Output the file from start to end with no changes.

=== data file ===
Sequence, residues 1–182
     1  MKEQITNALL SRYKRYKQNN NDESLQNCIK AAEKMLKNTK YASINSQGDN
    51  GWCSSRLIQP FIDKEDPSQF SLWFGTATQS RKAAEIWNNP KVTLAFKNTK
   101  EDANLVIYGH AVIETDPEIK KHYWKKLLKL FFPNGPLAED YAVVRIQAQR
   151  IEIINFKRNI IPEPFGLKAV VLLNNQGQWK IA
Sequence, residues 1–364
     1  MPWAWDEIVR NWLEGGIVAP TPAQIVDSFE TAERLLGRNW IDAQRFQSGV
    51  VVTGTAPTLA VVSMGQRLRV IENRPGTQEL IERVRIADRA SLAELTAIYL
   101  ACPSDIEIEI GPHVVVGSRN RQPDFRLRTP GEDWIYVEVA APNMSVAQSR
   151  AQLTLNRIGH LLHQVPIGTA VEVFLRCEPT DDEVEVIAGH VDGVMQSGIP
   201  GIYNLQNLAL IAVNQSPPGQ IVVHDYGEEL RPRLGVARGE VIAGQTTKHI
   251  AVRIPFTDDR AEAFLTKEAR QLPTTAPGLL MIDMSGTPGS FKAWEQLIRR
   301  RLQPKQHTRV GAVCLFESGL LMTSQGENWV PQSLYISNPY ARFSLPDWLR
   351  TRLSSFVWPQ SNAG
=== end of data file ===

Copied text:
Sequence, residues 1–182
     1  MKEQITNALL SRYKRYKQNN NDESLQNCIK AAEKMLKNTK YASINSQGDN
    51  GWCSSRLIQP FIDKEDPSQF SLWFGTATQS RKAAEIWNNP KVTLAFKNTK
   101  EDANLVIYGH AVIETDPEIK KHYWKKLLKL FFPNGPLAED YAVVRIQAQR
   151  IEIINFKRNI IPEPFGLKAV VLLNNQGQWK IA
Sequence, residues 1–364
     1  MPWAWDEIVR NWLEGGIVAP TPAQIVDSFE TAERLLGRNW IDAQRFQSGV
    51  VVTGTAPTLA VVSMGQRLRV IENRPGTQEL IERVRIADRA SLAELTAIYL
   101  ACPSDIEIEI GPHVVVGSRN RQPDFRLRTP GEDWIYVEVA APNMSVAQSR
   151  AQLTLNRIGH LLHQVPIGTA VEVFLRCEPT DDEVEVIAGH VDGVMQSGIP
   201  GIYNLQNLAL IAVNQSPPGQ IVVHDYGEEL RPRLGVARGE VIAGQTTKHI
   251  AVRIPFTDDR AEAFLTKEAR QLPTTAPGLL MIDMSGTPGS FKAWEQLIRR
   301  RLQPKQHTRV GAVCLFESGL LMTSQGENWV PQSLYISNPY ARFSLPDWLR
   351  TRLSSFVWPQ SNAG